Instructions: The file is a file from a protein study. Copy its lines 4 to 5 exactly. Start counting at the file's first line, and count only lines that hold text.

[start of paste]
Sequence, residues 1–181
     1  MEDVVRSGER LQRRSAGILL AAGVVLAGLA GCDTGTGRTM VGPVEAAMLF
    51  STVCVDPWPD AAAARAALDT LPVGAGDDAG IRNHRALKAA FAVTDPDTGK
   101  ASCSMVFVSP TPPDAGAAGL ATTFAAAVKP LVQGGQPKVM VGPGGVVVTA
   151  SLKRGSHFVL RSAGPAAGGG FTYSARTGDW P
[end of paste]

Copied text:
   101  ASCSMVFVSP TPPDAGAAGL ATTFAAAVKP LVQGGQPKVM VGPGGVVVTA
   151  SLKRGSHFVL RSAGPAAGGG FTYSARTGDW P